The persistent challenge of inequality in Australia's health

Robyn Godding
Med J Aust 2014; 201 (8): 432. || doi: 10.5694/mja14.c1020
Published online: 20 October 2014

Australia remains a country with significant health inequalities. The Australian Institute of Health and Welfare (AIHW) reports that although Australians have a life expectancy of 82 years — one of the highest among Organisation for Economic Co-operation and Development (OECD) countries — and the second lowest overall mortality of OECD countries, there are inequalities in age-standardised mortality rates among population groups ( In 2009–2011, males had a mortality rate 1.5 times that of females; people living in remote and very remote areas had a rate 1.4 times that of people in major cities; people living in the lowest socioeconomic status (SES) areas had a rate 1.3 times that of those in areas with the highest SES; and the mortality rate for Indigenous Australians was almost twice that for non-Indigenous Australians. These differences remained much the same as 10 years earlier. Yet not all mortality differences were negative. For example, Asian-born Australian residents had a mortality rate 36% lower than Australian-born residents.

The AIHW estimates that if all Australians had the same death rates as those in the highest SES group, there would have been 6013 fewer deaths from lung cancer — Australia's leading cause of cancer deaths — in 2009–2011. If Australians living in regional and remote areas had the same death rates as those living in urban areas, there would have been 825 fewer deaths from prostate cancer in the same period. That is, nearly 7000 excess deaths due to these two cancers in this 3-year period could be predicted and attributed to differences in area of residence and SES.

In this issue of the MJA, a series of oncology-related articles report inequalities that fit with those reported by the AIHW.

In their perspective article, Fox and Boyce (doi: 10.5694/mja14.01217) highlight how a recent Australia-wide study found that the 7% higher mortality for those living in rural areas compared with those living in urban areas had remained unchanged during the decade from 2001 to 2010. They also cite research which found that mortality was 45% higher for Indigenous people with cancer than for non-Indigenous people.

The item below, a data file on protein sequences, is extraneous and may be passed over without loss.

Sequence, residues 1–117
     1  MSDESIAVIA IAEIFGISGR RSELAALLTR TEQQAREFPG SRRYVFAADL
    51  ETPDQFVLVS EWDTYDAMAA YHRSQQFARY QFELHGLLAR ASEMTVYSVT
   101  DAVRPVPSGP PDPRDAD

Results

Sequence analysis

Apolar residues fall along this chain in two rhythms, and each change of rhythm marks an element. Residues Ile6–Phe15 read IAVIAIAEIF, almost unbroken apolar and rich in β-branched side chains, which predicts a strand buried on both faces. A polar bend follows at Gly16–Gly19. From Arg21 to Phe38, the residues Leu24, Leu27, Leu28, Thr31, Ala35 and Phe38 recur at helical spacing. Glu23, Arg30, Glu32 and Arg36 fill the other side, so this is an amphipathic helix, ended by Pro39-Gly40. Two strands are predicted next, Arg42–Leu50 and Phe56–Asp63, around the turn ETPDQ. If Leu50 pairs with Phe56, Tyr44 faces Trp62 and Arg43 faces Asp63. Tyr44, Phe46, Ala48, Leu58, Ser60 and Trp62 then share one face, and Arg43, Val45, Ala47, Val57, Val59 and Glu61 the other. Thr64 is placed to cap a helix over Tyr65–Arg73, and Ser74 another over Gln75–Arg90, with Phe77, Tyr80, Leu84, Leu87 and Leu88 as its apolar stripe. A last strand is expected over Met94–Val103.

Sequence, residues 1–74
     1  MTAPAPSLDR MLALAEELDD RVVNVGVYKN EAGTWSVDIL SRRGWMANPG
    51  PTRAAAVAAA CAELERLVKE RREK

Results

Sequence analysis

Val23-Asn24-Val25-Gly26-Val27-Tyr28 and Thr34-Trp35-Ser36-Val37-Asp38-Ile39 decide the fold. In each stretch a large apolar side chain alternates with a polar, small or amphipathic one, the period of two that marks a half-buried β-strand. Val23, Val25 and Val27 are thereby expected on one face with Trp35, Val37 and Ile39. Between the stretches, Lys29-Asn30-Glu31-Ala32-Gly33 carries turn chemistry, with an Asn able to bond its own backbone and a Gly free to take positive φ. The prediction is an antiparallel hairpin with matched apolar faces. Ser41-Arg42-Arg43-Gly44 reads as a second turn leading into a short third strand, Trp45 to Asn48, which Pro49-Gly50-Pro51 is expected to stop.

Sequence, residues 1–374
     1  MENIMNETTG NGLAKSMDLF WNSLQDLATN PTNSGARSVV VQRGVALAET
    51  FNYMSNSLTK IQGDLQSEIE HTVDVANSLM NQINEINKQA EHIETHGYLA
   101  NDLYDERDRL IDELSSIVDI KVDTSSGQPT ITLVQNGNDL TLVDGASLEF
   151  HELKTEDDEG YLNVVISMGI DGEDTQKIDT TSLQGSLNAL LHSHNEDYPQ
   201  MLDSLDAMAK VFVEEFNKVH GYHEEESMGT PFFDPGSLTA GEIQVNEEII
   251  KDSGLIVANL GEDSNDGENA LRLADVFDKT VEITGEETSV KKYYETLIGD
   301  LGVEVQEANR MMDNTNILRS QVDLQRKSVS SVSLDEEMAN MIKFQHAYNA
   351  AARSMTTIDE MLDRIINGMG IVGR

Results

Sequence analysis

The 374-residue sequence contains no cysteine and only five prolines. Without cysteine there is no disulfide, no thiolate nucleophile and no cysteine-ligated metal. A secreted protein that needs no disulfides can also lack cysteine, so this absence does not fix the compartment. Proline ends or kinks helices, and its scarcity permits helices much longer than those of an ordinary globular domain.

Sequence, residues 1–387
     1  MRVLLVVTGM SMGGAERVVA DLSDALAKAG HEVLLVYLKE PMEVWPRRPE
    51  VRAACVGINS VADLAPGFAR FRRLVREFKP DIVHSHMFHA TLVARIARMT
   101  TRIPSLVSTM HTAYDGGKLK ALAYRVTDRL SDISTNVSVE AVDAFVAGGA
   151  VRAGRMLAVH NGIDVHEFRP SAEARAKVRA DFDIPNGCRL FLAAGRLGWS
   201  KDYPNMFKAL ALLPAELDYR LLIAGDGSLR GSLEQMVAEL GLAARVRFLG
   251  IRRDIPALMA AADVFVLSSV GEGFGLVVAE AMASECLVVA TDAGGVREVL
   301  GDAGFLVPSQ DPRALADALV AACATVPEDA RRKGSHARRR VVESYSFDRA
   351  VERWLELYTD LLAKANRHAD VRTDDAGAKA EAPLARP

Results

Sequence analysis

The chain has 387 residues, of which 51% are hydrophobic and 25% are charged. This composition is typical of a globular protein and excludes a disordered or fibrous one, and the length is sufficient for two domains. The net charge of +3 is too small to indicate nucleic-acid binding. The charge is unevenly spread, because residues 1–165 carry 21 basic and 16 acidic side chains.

A further example of cancer-related inequality for Indigenous Australians is provided by Parker and colleagues (doi: 10.5694/mja13.11117), who report that the incidence of hepatocellular carcinoma in the Northern Territory is 5.9 times higher in Indigenous people than in non-Indigenous people.

In relation to non-small cell lung cancer (NSCLC) in New South Wales, Currow and colleagues (doi: 10.5694/mja14.00365) calculated that if resection rates increased, the proportion of people with localised NSCLC dying in the 5 years after diagnosis would decrease by 10%. They found that the resection rate was negatively associated with local health district of residence (with lower rates in remote and very remote areas), being older, having lower SES and not having private health insurance.

Hocking and colleagues (doi: 10.5694/mja14.00046) found that in South Australia, where there is a centralised model of cancer treatment, there was no difference in survival between people with metastatic colorectal cancer living in rural areas and those living in urban areas. This finding supports the AIHW estimates of deaths that might be avoided if people in rural areas had the same death rates as those in urban areas.

A positive development in relation to equity in cancer services is that, as reported by Grogan and Olver (doi: 10.5694/mja14.01089), the National Bowel Cancer Screening Program will be fully implemented by 2020. This means that all Australians aged 50–74 years will be invited to participate in biennial faecal occult blood test screening; currently, only subgroups of the eligible population are invited to participate. Modelling done by Cenin and colleagues (doi: 10.5694/mja13.00112) shows that, compared with not fully implementing the program until 2035, full implementation by 2020 has the potential to prevent an additional 35 000 deaths from bowel cancer over the next 40 years.

  • Robyn Godding

  • Medical Journal of Australia, Sydney, NSW.



remove_circle_outline Delete Author
add_circle_outline Add Author

Do you have any competing interests to declare? *

I/we agree to assign copyright to the Medical Journal of Australia and agree to the Conditions of publication *
I/we agree to the Terms of use of the Medical Journal of Australia *
Email me when people comment on this article

Online responses are no longer available. Please refer to our instructions for authors page for more information.